Ah, well, that's enough for today - I'm going back to my Vick's and cough lozenges.

Wednesday, 24 March 2010

Hoon's Labour's Lost

'No snare like folly, no torrent like greed.'

Geoff Hoon has been told that his services are no longer required on the NATO group responsible for drawing up its new mission statement.
"...given that it is clear the British government no longer supports Mr Hoon's participation, the secretary-general has decided to ask Mr Hoon to end his participation in the group of 12."
It couldn't happen to a nicer chap; it looks as though finding 'hoon work' in the future will be more difficult than he thought.

PMQs: Summary

The Vick's Vapour-Rub Edition:

Not much of a summary this week, I'm afraid - I'm too full of cold and I can't bear to listen to any of them banging on about the same old things.

Tributes paid to Sgt Steven Campbell who died in Helmand on Monday.

Cameron led on the BA strike and goaded Brown about crossing the picket lines at the Treasury.
Clegg asked again about Party funding.
Brown has used this line to Clegg on two previous occasions to my certain knowledge:  'I think he has prepared his second question before he'd heard my answer to his first'.
Ashcroft (twice), Chilcot, Party funding, Liars and Lobbyists, peerages, mephedrone, ('methederone'), index-linked state pensions, in-patient mental health units, personality disorders,
A frail Ian Paisley posed a short and eloquent question and Brown paid tribute to him.

Videos will follow.

The Coffee House is running a very good Budget commentary.

*Reminder: PMQs + Live Chat & Budget Special

The Daily Politics Live Chat at 11.30am &  PMQs from twelve noon

Live Parliament

Some blogs are also collaborating on a live blog/chat of Phoney Budget 2010. Ones linked to in the sidebar are All Seeing Eye, Barking Spider, Corrugated Soundbite, Governmentitus, GrumpyOldTwat and Subrosa so take your pick.

Muppet Politicians

Politicians who blow with the wind, jumping on the AGW climate change bandwagon, should take stock.  They believe every spurious report placed before them and attempt to coerce the rest of us into changing our behaviour based on nothing more than fairy tales.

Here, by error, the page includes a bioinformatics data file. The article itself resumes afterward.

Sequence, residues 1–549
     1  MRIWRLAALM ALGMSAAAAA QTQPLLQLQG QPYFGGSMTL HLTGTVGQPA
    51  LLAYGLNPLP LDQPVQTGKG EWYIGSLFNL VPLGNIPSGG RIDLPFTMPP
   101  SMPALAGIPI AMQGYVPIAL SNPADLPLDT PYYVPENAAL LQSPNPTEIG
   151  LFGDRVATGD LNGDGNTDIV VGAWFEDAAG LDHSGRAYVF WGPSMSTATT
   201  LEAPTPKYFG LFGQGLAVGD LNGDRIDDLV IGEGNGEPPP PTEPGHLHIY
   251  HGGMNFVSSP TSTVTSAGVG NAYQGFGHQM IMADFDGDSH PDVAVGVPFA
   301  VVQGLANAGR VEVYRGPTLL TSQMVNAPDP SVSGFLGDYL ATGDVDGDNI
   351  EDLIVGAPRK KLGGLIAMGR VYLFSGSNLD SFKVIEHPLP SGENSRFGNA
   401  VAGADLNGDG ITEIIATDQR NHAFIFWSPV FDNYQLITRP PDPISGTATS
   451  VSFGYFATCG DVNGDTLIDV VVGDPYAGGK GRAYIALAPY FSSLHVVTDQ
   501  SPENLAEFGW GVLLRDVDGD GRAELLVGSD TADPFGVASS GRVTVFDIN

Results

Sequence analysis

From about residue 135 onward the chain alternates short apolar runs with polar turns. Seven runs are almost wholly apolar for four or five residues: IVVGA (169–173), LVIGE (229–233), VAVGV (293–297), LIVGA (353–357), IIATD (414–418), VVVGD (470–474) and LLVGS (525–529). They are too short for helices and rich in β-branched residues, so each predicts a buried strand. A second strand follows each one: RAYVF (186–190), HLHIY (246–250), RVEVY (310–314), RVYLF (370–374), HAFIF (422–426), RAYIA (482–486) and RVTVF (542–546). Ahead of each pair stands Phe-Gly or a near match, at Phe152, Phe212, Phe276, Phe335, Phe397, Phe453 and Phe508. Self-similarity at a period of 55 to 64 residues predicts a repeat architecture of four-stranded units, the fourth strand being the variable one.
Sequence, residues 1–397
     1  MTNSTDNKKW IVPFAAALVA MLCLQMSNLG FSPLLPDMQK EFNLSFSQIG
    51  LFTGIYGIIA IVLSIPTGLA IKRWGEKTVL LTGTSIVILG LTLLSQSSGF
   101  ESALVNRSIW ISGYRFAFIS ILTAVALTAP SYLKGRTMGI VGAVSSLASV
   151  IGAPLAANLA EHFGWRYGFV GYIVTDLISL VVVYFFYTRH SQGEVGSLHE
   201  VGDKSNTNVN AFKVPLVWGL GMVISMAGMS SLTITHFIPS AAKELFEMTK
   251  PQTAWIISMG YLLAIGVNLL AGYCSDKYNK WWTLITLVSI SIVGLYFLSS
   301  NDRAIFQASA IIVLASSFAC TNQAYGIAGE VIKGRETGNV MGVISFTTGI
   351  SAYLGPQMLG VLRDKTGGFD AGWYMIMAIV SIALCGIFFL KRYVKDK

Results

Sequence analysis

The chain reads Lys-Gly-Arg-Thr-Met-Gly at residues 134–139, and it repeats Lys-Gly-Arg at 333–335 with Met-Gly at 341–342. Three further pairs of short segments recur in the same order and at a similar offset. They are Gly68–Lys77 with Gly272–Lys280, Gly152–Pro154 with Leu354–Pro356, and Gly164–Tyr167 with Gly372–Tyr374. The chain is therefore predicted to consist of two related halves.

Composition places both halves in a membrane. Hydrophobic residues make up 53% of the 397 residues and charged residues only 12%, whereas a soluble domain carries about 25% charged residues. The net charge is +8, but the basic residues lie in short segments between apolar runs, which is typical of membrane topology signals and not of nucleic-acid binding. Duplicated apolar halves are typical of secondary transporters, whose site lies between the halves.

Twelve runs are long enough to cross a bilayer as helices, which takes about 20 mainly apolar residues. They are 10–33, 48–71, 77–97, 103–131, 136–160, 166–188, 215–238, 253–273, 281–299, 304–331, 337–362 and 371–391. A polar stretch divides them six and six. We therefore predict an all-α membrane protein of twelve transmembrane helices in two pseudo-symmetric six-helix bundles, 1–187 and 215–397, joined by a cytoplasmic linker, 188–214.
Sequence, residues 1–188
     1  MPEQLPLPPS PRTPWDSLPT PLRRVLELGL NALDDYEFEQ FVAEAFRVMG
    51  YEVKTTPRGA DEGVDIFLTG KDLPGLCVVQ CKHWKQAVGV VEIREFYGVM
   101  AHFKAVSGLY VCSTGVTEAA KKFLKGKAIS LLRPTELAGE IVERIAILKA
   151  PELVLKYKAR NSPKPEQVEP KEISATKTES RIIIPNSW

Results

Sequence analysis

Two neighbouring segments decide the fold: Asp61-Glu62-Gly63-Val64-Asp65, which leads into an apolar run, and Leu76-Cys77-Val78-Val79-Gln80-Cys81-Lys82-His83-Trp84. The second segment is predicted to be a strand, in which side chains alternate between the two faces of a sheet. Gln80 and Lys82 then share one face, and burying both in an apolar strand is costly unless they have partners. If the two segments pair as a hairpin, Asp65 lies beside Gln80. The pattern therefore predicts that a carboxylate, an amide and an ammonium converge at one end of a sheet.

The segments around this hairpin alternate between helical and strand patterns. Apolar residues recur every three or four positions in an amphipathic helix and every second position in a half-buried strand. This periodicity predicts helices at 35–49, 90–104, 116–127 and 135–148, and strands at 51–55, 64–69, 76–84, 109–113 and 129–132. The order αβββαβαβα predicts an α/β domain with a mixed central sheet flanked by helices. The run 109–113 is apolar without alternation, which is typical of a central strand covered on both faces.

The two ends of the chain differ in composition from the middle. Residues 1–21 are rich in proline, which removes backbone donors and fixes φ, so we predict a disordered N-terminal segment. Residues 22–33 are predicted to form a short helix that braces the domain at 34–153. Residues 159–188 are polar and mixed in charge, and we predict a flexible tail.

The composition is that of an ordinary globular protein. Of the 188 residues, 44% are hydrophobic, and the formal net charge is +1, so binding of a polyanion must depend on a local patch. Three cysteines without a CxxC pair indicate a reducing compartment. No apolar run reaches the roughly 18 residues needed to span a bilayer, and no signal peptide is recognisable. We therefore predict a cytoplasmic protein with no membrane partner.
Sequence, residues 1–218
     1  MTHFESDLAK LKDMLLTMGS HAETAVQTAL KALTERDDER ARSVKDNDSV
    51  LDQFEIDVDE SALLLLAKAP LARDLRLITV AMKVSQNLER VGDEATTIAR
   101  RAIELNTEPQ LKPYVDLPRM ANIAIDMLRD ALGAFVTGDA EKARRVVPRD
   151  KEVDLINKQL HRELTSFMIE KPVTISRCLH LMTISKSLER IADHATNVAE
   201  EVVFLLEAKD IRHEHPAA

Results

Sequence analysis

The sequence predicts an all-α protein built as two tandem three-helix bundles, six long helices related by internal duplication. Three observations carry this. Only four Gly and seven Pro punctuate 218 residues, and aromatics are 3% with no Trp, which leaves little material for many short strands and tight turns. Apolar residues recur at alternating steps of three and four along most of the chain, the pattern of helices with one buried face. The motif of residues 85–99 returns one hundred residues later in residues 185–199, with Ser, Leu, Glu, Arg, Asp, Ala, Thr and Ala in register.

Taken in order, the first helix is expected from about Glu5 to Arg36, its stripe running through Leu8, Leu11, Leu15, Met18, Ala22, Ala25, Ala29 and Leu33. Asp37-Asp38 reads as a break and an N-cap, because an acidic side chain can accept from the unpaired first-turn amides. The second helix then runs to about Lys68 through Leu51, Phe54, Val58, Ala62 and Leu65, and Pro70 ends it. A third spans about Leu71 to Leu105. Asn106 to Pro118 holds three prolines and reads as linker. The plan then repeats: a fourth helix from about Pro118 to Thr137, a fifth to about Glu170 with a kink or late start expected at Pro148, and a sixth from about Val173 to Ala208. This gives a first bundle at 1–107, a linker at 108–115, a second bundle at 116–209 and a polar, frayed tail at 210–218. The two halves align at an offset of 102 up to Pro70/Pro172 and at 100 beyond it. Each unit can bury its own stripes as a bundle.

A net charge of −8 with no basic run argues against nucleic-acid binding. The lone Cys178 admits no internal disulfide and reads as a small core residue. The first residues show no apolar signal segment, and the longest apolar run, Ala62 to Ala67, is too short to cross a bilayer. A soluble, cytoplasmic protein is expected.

Who can forget Lord Stern urging us to change our ways and become vegetarians in order to save the planet?  Vegetarians = good; meat-eaters = selfish nazis.

It's no surprise that the UN has now admitted there was a flaw in the original report linking meat-eating to AGW.  There's little wonder that people treat the increasingly exaggerated claims of the ecoloons with scepticism.  Politicians should do the same before they decide to legislate the lifestyles of the rest of us.

People should have one meat-free day a week if they want to make a personal and effective sacrifice that would help tackle climate change, the world's leading authority on global warming has told The Observer

Dr Rajendra Pachauri, chair of the United Nations Intergovernmental Panel on Climate Change, which last year earned a joint share of the Nobel Peace Prize, said that people should then go on to reduce their meat consumption even further.


Tuesday, 23 March 2010

Something That Bears Repeating

When I am an old woman I shall wear purple
With a red hat which doesn't go, and doesn't suit me.
And I shall spend my pension on brandy and summer gloves
And satin sandals, and say we've no money for butter.

I shall sit down on the pavement when I'm tired
And gobble up samples in shops and press alarm bells
And run my stick along the public railings
And make up for the sobriety of my youth.

I shall go out in my slippers in the rain
And pick flowers in other people's gardens
And learn to spit.

You can wear terrible shirts and grow more fat
And eat three pounds of sausages at a go
Or only bread and pickle for a week
And hoard pens and pencils and beermats and things in boxes.

But now we must have clothes that keep us dry
And pay our rent and not swear in the street
And set a good example for the children.
We must have friends to dinner and read the papers.

But maybe I ought to practice a little now?
So people who know me are not too shocked and surprised